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Clot-removing procedure appears safe for pregnant stroke patients

Physically removing a blood clot in the brain is a safe and effective treatment for pregnant women having a stroke, a new study by New York Medical College faculty, residents and students suggests.

October 05, 2021
Image of pregnant woman

Physically removing a blood clot in the brain is a safe and effective treatment for pregnant women having a stroke, a new study by several New York Medical College (NYMC) faculty, residents and students suggests.

Stroke during pregnancy is rare, but the risk increases during pregnancy and for up to 12 weeks after giving birth, or postpartum. The most common type is ischemic stroke, where a clot blocks blood flow in the brain. Mechanical thrombectomy – where a surgeon threads a catheter through an artery to remove a large clot – became a standard treatment in 2015 after a series of landmark studies.

"Unfortunately, pregnant and postpartum patients are systemically excluded from many clinical trials," said Fawaz Al-Mufti, M.D., assistant professor of neurology, neurosurgery and of radiology and senior author of the new study, published in the American Heart Association journal Stroke.

NYMC faculty and resident authors on the study also included Alis J. Dicpinigaitis, SOM Class of 2023, Tolga Sursal, M.D., neurosurgery resident, Catherine A. Morse, SOM Class of 2023, Camille Briskin, SOM Class of 2023, Christeena Kurian, M.D., clinical assistant professor of neurology, Gurmeen Kaur, M.D., assistant professor of neurology and neurosurgery, Ramandeep Sahni, M.D., clinical associate professor of neurology, Chirag D. Gandhi, M.D., chair of Department of Neurosurgery and professor of neurosurgery, neurology and of radiology.

The rarity of such strokes also poses a challenge for researchers, with an estimated 1.5 to 67.1 strokes per 100,000 deliveries – or as little as 0.0015% of pregnant women. So, Dr. Al-Mufti, and his fellow researchers turned to big data. They used a database called the National Inpatient Sample to identify 52,825 women hospitalized with strokes between 2012 and 2018. Of those women, 4,590 were pregnant or had just given birth. And of those women, 180 had been treated with mechanical thrombectomy.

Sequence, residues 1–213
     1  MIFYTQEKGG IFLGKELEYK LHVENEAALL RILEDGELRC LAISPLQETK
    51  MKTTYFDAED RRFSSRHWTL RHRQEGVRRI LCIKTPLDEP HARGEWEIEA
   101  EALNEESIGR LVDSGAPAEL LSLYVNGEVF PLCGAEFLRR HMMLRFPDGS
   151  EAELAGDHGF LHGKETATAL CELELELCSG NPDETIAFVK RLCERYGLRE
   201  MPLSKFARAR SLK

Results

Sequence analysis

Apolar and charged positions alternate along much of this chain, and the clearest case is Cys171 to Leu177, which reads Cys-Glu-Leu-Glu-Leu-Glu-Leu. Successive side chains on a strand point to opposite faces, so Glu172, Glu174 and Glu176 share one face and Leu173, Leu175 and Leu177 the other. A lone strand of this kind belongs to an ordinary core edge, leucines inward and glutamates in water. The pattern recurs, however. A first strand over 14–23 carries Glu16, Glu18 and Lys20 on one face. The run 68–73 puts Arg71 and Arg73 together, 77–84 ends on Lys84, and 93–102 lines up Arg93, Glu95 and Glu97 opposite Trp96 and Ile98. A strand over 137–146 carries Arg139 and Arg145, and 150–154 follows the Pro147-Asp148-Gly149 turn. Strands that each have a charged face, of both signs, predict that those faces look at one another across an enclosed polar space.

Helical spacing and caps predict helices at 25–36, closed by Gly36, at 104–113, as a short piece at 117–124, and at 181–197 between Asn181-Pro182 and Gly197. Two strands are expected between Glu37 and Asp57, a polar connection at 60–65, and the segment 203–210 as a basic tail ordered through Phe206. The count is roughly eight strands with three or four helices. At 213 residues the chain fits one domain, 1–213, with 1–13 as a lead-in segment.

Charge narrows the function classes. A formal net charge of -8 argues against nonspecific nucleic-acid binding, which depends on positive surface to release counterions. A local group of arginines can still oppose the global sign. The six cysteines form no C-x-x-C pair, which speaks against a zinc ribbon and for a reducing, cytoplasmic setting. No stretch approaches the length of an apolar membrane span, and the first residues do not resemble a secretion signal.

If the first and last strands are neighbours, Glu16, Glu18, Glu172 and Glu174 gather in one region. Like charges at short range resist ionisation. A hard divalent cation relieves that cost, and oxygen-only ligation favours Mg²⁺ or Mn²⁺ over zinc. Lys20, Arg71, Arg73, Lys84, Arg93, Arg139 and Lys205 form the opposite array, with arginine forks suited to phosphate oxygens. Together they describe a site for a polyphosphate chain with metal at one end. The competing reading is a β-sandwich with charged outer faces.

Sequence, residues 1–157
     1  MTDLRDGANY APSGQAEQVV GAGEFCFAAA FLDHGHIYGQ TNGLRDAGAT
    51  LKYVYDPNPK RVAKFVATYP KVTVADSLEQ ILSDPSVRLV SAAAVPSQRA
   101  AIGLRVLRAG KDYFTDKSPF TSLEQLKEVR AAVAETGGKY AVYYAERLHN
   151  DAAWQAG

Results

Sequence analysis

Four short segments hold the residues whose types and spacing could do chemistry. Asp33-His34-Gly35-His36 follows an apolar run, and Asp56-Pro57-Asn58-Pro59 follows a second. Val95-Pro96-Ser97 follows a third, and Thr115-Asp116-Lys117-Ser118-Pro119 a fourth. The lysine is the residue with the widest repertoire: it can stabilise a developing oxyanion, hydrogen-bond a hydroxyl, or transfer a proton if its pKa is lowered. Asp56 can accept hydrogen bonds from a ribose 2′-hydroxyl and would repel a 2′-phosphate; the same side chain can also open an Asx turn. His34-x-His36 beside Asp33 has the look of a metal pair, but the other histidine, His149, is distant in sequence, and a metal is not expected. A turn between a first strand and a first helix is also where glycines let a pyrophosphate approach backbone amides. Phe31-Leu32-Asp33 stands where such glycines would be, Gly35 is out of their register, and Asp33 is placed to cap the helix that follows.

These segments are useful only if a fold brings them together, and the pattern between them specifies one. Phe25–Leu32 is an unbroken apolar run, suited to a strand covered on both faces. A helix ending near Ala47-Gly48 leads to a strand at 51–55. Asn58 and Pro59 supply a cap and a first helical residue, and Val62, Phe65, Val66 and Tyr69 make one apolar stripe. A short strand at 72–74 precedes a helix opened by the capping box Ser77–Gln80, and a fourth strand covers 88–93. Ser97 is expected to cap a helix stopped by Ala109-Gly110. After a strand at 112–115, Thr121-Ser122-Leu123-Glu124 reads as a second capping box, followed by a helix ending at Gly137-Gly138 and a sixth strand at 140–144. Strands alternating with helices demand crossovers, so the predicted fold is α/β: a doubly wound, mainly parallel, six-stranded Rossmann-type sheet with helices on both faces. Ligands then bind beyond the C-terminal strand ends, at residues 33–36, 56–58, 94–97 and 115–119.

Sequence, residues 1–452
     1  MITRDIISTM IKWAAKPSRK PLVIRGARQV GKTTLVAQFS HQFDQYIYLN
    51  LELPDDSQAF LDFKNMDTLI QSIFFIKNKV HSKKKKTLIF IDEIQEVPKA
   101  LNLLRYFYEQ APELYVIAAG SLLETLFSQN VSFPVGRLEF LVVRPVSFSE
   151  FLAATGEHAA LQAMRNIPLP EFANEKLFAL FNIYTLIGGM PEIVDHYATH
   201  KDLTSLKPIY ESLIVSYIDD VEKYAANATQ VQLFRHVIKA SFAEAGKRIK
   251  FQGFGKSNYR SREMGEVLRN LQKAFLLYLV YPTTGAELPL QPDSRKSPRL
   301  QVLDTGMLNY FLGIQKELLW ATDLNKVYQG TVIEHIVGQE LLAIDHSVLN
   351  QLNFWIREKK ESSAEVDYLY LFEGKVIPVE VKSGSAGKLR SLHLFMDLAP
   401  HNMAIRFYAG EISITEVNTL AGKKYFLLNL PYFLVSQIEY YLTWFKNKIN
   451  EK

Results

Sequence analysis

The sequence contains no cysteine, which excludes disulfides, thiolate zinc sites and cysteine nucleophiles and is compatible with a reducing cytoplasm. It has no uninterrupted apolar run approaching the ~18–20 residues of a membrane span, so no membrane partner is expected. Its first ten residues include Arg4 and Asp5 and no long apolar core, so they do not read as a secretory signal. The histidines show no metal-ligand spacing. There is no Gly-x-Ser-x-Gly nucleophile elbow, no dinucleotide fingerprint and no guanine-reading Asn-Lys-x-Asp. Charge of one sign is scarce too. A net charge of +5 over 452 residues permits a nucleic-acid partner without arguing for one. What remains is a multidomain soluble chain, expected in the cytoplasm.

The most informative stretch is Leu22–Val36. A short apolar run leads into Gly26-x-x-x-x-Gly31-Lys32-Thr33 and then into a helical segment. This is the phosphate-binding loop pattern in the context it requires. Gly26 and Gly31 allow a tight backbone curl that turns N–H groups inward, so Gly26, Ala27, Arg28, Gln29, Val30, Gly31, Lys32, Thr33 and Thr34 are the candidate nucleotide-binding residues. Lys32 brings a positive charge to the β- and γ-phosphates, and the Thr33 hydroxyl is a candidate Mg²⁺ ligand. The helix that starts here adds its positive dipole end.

The study first compared those 180 pregnant or postpartum women with 48,055 non-pregnant women who also had a mechanical thrombectomy. After the procedure, the pregnant group was less likely to have dangerous bleeding inside the skull, called intracranial hemorrhage.

The pregnant/postpartum women also did better overall after thrombectomy. Half had moderate to severe disability when they were discharged, compared to nearly three-quarters of the group that was not pregnant. None of the pregnant/postpartum women died in the hospital; 14% of the non-pregnant group did.

The pregnant women tended to be younger, with an average age of 33, compared to 71 for the larger non-pregnant group. But the pregnant women were more likely to have had more severe strokes.

The study also compared pregnant women who had mechanical thrombectomy with 4,410 pregnant or postpartum women who had their strokes treated medically – such as with clot-dissolving medication, Al-Mufti said. This analysis involved selectively matching women whose situations were as similar as possible, although researchers said they lacked data on race.

In this comparison, both groups were similar in their rates of intracranial hemorrhage and post-birth complications and in how well they could function when they left the hospital. Pregnancy complications were less common after mechanical thrombectomy than medical management (44% versus 64%), and no one in the thrombectomy group experienced miscarriage.

The mechanical thrombectomy group did have a higher rate of dangerous blood clots in large veins, often in the legs, called deep vein thrombosis, or in the lungs, called pulmonary embolism.

Al-Mufti said this could be because those patients have longer hospital stays, and immobility can lead to such clotting. Or it could be the women in this group were predisposed to intense clotting and more severe strokes, he said. "I don't believe that there was a causation here, simply a correlation."

Al-Mufti said the study suggests pregnant stroke patients should be monitored carefully for blood clots as they recover. And overall, it tells doctors they should not be wary about using mechanical thrombectomy in pregnant women. "Quite the contrary, endovascular therapy can be very efficacious and very helpful in this patient population."

Excerpted from a September 2021 article published by American Heart Association News.